Advent: the Coming of Christ

In 05 Homilies by Fr. Reid on 2011/12/11 at 9:11 AM


• Advent is the particular time of the year in which we meditate on the two comings of Christ: one coming which has already been fulfilled in history; and another which we still await.

• While Advent is certainly a time to prepare our hearts to receive the Christ Child anew at  Christmas so that He may be incarnate in the world once again through us, there is another coming of Christ for which we must still prepare.

• It is His second coming when Christ will come again in glory at the end of time with salvation for His people, and I spoke about this at length last Sunday.

• And I also spoke about how we should prepare for these two comings of Christ by growing in love for one another and by truly striving for virtue.

• But while it is important for us to prepare for these two particular comings of Christ, St. Bernard of Clairvaux tells us that there is yet another coming of Christ which we must not neglect.

• For those of you who may not be familiar with St. Bernard, he was a Cistercian monk who lived in France during the 12th century and who was well known for his preaching and great devotion to the Blessed Virgin Mary.

• In preaching on the two comings of Christ for which we prepare during the season of Advent, St. Bernard tells us that there is also a third, intermediate coming, that exists between these two comings of Christ.

• While the first coming and last coming of Christ are visible and manifested in history, this intermediate coming of Christ is invisible, hidden, and only seen by the elect within their own selves.

• St. Bernard tells us that “in His first coming our Lord came in our flesh and in our weakness.” “In the final coming He will be seen in glory and majesty.” But “in this middle coming He comes in spirit and in power.”

• This intermediate coming of which St. Bernard speaks is Christ coming to us through the Word, which we keep in our hearts.

• You see, my dear friends, 40 days after His resurrection when our Lord ascended into Heaven with the promise that He would one day return again, He did not leave us bereft of His divine presence.

• To the contrary, our Lord abides with us even now, and not simply in the Word of Sacred Scripture, but through the sacraments, which provide us with a visible manifestation of and encounter with the Word Made Flesh!

• As Christians we know that we always have our Lord with us. He comes to us in this intermediate way first through the sacrament of Baptism, by which He enters into our souls and makes a home there, forging a covenant of love with us.

• And throughout the course of our lives Jesus comes to us again and again through all the sacraments, most especially the Blessed Sacrament: the Eucharist, by which He feeds us with His very own flesh.

• But Jesus also comes to us through the reading of Sacred Scripture, especially when it is proclaimed at the Holy Sacrifice of the Mass, speaking to us His word of truth.

• And so that we may never be without Him, our Lord remains with us in the tabernacle, His divine presence signaled by the glow of the sanctuary lamp, waiting for us to come to Him.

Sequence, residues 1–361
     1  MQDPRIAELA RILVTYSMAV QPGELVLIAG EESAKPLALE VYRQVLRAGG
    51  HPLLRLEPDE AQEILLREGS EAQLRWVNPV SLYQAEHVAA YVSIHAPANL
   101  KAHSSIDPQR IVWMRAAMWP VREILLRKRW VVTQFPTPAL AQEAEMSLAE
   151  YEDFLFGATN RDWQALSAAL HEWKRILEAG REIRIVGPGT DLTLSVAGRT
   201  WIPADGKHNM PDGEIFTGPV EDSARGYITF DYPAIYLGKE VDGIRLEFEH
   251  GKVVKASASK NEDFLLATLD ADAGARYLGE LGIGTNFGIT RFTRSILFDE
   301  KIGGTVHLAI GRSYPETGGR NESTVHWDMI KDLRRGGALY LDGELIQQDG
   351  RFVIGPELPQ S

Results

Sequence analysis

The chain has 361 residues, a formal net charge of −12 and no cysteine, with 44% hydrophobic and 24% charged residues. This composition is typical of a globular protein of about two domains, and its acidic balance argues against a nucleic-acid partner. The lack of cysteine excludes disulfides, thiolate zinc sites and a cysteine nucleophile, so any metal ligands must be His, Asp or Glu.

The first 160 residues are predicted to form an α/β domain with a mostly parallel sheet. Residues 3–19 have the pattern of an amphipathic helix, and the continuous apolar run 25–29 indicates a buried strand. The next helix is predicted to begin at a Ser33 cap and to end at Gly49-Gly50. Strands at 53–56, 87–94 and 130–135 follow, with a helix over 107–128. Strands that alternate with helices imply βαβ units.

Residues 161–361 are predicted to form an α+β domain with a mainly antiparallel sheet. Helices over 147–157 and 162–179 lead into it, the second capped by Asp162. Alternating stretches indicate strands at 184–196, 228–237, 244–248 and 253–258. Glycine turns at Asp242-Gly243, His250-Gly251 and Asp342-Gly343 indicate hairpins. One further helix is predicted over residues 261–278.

• Yet while it is true that our Lord blesses us with His presence in the tabernacle, we must remember that Jesus did not come to earth to dwell in a tabernacle of gold. He has come to earth because He wishes to dwell within something much more valuable: the tabernacle of our souls!

• While it is right and good that we prepare for our Lord’s two comings in human history

during Advent, we must not neglect to prepare for the daily coming of the Word-made-flesh in our souls. For indeed, this is the most intimate and personal way Christ comes to us.

• Just as we’ve spared no effort in making this church a suitable dwelling place for God through the use of noble materials, beautiful and theologically rich architecture and artwork, all the more must we work to make our souls suitable dwelling places for the Lord!

• Instead of the intricate stained glass, marble, and gold that adorns this church, we must adorn our souls with virtue and good works.

• Just as the light of the morning sun pours through these stained glass windows, illuminating them and providing us with a glimpse of the heavenly realities, so too must the light of faith, hope and charity pour through our words and actions so that people can get a glimpse of the Christ within us.

• Yet, my dear friends, if we wish to fully experience the grace of this intermediate coming of Christ, then we must come to Christ!

• We do this by making every effort to avail ourselves of His grace through our prayers, through our worthy participation in the sacraments, through our obedience to His Church, and through our service to others.

• My dear friends, if we are truly going to be prepared for our Lord’s coming as man in the Incarnation and His second coming at the end of time, then Christ must reign in our hearts now.

• And when we do this, when we allow Christ to reign in our hearts, He grants us the priceless gift of joy – that same joy that our first and second readings speak about today.

• As we now prepare ourselves for our Lord to come to us in the Eucharist, let us pray that we may have the courage to rid from our lives and from our souls all that prevents us from receiving our Lord as we should.

• Let us pray that we may receive Jesus now as the welcome guest of our souls, and in so doing, let us trust that when our lives on earth are over, He will receive us as His welcome guest in Heaven.

Copyright 2009 by Reverend Timothy S. Reid

Reverend Reid is pastor of St. Ann’s Catholic  Church in Charlotte, NC

  1. What a beautiful, wonderful article. It is so helpful to me. Thank you Fr. Reid.

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